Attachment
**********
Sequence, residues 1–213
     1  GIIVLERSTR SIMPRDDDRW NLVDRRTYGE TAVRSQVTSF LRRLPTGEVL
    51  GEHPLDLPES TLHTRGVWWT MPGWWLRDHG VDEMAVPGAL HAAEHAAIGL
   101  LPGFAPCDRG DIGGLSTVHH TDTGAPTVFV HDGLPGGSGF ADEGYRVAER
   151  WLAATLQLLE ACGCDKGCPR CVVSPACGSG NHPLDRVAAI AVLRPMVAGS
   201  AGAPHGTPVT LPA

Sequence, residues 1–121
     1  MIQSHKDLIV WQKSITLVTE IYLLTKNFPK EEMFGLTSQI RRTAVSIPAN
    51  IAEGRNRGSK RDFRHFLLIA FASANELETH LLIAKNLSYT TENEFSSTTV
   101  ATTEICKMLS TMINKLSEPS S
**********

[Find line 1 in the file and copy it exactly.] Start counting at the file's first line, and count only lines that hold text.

Sequence, residues 1–213